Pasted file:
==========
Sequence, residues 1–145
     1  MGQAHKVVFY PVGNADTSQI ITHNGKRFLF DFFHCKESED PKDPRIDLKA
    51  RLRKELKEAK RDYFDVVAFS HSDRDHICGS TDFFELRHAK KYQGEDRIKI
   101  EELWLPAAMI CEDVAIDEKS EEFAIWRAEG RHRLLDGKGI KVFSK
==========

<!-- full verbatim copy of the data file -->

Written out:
Sequence, residues 1–145
     1  MGQAHKVVFY PVGNADTSQI ITHNGKRFLF DFFHCKESED PKDPRIDLKA
    51  RLRKELKEAK RDYFDVVAFS HSDRDHICGS TDFFELRHAK KYQGEDRIKI
   101  EELWLPAAMI CEDVAIDEKS EEFAIWRAEG RHRLLDGKGI KVFSK